The Beirut government may look to a U.N. peacekeeping force as a means of getting Israel and its allied South Lebanon Army out of southern Lebanon.
It is expected to try when U.N. Undersecretary-General Marrack Goulding meets government officials in Lebanon next week. He will also visit Syria and Israel.
Goulding will discuss the mandate of the U.N. Interim Force in Lebanon, which expires July 15.
The Security Council, which reviews UNIFIL every six months, is expected to extend the life of the nine-nation peacekeeping force it established in 1978.
But President Elias Hrawi of Lebanon would like its area of operations expanded to include the areas presently controlled by Israel and the SLA, reports from Lebanon said.
UNIFIL sources promptly expressed doubt that such a change is feasible.
The Lebanese, however, are expected to be persistent in their search for international support.
Hrawi’s Syrian-protected Lebanese army now exercises effective control over southern Lebanon, except for the regions patrolled by the lightly armed UNIFIL and the heavily armed Israel Defense Force and SLA.
The SLA — trained, equipped and financed by Israel — polices the southern Lebanon security zone, a 6-mile-deep by 50-mile-long buffer zone established by Israel in 1985 to protect its northern settlements from terrorist attacks.
The SLA, in addition, controls a Maronite Christian enclave north of the zone, centered on the town of Jezzine.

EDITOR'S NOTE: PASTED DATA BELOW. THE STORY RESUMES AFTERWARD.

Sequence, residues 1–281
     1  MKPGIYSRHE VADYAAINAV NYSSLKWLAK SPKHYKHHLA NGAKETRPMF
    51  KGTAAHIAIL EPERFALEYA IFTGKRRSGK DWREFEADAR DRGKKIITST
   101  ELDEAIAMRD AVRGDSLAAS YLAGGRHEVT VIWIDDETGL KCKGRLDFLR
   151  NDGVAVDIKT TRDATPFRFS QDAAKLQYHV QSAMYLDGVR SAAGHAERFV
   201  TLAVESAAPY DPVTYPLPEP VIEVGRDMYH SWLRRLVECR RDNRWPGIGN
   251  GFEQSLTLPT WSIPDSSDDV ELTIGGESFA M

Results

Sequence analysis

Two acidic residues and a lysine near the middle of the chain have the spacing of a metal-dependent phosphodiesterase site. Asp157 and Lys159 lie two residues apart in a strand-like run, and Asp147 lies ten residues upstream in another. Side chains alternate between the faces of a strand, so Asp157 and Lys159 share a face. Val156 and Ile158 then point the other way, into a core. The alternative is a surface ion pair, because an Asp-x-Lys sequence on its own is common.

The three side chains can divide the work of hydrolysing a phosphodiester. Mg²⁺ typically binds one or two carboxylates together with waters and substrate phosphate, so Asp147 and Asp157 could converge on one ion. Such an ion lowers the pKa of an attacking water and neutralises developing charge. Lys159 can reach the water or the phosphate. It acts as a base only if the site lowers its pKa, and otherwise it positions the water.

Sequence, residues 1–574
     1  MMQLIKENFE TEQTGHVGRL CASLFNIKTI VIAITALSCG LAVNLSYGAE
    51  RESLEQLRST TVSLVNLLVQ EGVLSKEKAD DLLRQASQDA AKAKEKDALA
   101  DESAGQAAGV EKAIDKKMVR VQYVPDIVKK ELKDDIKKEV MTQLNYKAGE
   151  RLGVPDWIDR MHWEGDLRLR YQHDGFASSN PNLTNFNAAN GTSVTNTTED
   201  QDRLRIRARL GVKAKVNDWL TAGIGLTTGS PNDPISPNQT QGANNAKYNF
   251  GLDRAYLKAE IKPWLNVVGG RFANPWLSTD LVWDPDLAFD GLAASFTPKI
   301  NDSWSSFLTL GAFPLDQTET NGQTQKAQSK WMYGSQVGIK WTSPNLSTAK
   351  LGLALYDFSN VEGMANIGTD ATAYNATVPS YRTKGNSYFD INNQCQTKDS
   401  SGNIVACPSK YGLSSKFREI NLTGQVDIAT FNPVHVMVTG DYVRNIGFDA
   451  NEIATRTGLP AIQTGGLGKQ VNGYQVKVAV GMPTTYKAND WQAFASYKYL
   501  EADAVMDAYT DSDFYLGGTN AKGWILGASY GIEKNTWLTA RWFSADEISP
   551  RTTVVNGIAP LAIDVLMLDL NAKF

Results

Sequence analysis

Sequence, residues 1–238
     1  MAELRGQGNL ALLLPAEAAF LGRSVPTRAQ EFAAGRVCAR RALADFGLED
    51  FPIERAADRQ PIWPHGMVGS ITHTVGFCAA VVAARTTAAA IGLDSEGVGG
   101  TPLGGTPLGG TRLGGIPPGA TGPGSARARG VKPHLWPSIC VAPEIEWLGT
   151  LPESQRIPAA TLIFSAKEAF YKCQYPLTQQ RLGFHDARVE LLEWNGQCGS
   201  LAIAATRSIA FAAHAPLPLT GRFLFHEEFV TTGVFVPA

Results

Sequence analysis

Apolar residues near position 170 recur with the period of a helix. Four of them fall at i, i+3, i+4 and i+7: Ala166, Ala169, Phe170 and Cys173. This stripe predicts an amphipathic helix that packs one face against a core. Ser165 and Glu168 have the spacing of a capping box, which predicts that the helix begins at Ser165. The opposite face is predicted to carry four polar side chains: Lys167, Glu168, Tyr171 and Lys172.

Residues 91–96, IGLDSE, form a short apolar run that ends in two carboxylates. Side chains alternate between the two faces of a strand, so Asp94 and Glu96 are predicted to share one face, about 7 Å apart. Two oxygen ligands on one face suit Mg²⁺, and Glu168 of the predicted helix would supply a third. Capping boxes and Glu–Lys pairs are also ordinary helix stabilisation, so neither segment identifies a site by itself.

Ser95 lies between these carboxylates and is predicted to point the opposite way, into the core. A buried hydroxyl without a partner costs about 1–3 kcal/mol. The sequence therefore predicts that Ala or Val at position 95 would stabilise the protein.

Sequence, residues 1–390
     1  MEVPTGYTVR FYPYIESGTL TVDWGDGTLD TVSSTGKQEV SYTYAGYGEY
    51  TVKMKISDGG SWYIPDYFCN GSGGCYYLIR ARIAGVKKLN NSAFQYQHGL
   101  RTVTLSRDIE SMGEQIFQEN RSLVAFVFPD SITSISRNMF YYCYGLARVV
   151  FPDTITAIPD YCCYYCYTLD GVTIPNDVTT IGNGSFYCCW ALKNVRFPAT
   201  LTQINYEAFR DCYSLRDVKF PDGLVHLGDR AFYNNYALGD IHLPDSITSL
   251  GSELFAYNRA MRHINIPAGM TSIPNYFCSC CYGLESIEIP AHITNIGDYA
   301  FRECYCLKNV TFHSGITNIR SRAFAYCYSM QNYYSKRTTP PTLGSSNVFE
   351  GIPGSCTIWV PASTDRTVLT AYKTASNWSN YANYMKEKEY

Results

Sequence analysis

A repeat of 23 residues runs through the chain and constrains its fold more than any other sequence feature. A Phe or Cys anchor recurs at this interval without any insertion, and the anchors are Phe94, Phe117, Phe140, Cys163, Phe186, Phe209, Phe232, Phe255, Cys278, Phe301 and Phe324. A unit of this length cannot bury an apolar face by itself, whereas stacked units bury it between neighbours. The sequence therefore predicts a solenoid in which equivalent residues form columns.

While Beirut is anxious to oust the Israeli and allied armed forces from Lebanese soil, it has been silent about the Syrian troops, who occupy much more extensive areas of Lebanon, including the Bekaa Valley in the east.
The Lebanese army says it has succeeded in its mission to disarm the various factional forces that have turned southern Lebanon into a perpetual battleground for the past 16 years.
From Israel’s point of view, the most dangerous of them is the Palestine Liberation Organization. While the PLO was forced to surrender its positions in the port towns of Sidon and Tyre, it remains entrenched in the crowded Palestinian refugee camps near both cities.
In an obvious face-saving ploy, PLO chief Yasir Arafat announced from Tunis that his forces were “donating” their medium and heavy weapons to the official Lebanese army.
Israelis say he was attempting to create the impression that the PLO is cooperating voluntarily with the Lebanese forces, which until now have been considered ineffectual.
The PLO fighters, nevertheless, have been allowed to retain small arms and personal weapons to guard the refugee camps. Their number is estimated at 10,000.